Fulvous-breasted Woodpecker

Fulvous-breasted Woodpecker    Dendrocopos macei


  • Dendrocopos : Greek word dendrontree; koposstriking
  • Macei: Named after French explorer Marc Joseph Macé Marion-Dufresne (1724–1772) 

Distribution in India: Resident of Himalayas, East and North East in India.

Description: Size of 18–20 cm; wt. of 23–38 g. The male has buffish lower forehead, red upper forehead to nape with black feather bases showing, white lores, face and sides of neck are tinged pale buffish, and especially on ear-coverts, black malar stripe expands at rear and continues just on to upper breast side. It has a very pale dirty buffish-white chin and throat; black hindneck and upperparts, broad white bars from mantle to upper rump, wing-coverts are broadly tipped white. The black flight-feathers are barred white; uppertail is black, outer one or two feather pairs are barred white. It is light buffish-brown below, breast occasionally tinged reddish, belly and flanks are sometimes browner, breast sides and flanks are streaked blackish, lower flanks and belly sometimes barred, central lower belly to undertail-coverts are unmarked red. The long bill is straight, chisel-tipped, blackish-grey with paler base. The iris is red-brown, orbital skin is grey; legs are grey-green to greenish-slate. The female has entire top of head as black. The juvenile is duller above and below than adult, has only small area of pink on undertail-coverts.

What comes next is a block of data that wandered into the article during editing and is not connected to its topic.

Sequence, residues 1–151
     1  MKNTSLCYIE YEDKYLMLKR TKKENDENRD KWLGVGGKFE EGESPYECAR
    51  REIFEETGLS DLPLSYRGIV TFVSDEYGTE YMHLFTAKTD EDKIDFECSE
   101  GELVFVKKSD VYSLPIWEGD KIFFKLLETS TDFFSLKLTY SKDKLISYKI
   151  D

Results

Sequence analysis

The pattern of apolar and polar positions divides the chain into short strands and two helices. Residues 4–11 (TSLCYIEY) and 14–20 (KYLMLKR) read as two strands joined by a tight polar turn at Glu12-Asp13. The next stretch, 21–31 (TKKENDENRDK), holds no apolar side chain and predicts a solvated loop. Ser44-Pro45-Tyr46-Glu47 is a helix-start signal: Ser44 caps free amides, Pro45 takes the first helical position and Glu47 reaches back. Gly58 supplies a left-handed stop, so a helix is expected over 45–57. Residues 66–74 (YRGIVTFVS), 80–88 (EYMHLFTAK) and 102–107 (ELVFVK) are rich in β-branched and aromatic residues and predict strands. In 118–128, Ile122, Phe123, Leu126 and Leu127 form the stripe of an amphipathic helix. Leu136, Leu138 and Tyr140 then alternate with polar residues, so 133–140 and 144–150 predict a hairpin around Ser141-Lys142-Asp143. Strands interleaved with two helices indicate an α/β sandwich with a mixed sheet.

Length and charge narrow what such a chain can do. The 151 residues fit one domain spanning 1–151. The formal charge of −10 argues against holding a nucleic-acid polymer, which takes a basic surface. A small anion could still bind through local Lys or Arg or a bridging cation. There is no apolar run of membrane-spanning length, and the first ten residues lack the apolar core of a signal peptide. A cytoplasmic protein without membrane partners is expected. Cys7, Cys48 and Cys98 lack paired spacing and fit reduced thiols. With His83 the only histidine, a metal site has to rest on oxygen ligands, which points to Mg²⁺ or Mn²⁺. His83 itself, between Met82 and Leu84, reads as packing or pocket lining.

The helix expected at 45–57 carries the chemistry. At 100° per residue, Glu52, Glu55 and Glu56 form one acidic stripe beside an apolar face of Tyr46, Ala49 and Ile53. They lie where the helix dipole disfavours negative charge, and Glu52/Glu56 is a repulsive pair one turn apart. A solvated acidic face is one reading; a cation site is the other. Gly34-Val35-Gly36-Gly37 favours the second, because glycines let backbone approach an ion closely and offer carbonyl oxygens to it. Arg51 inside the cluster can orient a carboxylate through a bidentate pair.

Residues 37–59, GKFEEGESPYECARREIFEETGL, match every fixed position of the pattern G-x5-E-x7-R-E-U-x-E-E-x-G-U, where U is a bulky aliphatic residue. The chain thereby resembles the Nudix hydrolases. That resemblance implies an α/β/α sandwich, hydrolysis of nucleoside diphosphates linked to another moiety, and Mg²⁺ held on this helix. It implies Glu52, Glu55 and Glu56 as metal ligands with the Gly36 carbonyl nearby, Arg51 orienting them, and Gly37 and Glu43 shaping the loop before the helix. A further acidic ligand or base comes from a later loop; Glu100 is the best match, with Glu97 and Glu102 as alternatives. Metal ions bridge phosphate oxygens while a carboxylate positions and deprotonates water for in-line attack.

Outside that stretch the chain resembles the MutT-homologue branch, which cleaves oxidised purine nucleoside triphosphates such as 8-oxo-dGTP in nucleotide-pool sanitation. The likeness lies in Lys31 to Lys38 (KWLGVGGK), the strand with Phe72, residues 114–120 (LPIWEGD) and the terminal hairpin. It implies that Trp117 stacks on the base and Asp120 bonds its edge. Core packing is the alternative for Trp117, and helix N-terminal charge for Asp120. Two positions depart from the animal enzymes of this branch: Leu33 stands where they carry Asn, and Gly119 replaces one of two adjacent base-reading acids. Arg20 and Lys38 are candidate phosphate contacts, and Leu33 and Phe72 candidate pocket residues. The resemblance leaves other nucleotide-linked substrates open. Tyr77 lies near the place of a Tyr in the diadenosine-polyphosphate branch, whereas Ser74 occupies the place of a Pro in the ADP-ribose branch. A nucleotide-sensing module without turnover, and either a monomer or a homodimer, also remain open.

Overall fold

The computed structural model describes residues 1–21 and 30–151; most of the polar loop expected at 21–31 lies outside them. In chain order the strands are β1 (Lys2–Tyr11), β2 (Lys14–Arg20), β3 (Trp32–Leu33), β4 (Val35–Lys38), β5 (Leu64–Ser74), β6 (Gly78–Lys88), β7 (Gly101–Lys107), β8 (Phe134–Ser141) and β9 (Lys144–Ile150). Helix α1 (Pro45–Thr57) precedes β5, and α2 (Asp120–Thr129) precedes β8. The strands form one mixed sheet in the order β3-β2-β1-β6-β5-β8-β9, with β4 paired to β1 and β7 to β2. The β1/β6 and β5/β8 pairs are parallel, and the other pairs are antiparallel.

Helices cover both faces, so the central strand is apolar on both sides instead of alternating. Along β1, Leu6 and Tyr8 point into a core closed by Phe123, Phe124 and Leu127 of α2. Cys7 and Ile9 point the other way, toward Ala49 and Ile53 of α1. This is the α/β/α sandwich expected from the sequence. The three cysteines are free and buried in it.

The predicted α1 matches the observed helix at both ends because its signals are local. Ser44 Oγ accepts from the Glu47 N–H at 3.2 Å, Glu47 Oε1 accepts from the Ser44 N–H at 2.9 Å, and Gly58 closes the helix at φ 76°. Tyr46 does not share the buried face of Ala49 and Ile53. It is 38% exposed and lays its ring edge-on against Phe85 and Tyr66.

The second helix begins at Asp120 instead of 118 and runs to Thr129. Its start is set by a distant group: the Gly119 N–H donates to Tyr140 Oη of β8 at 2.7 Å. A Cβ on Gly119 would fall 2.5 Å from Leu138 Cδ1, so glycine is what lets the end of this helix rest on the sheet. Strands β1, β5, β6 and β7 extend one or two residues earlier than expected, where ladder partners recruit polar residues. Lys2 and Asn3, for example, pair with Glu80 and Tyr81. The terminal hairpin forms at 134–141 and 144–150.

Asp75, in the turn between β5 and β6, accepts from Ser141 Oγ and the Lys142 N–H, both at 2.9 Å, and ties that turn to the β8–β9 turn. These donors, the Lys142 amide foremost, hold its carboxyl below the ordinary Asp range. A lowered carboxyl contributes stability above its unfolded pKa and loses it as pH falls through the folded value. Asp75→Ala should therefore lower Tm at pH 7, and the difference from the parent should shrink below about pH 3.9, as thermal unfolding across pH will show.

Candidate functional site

Habitat: It is found in open, damp mixed forest in lowlands and uplands, preferring open forest, edge, secondary growth, open country with scattered trees, plantations and gardens, bamboo stands, and in scattered trees and larger bushes along dry riverbeds. It is found from Sea-level to mountains, up to 2800 m.

Food habits:  It eats ants, a variety of other insects, larvae, small scorpions, berries and fruits. It stays singly or in pairs, or in family parties, also in mixed-species flocks. It favours tall trees, including isolated ones in open areas near forest. It forages on trunks and larger branches, also well up under the crown and among crown foliage on small branches and large twigs, or on the ground when seeking ants. Feeding techniques include gleaning, probing and strong pecks and hammering; also prises prey of the bark.

Breeding habits: They breed in Jan–Jun in India. They display with crest-raising, swinging movements and also fluttering aerial display. The nest-hole is excavated by both sexes above ground in branch of tree, or in bamboo. They lay a clutch of 2–5 eggs. The incubation and brood-feeding is done by both parents.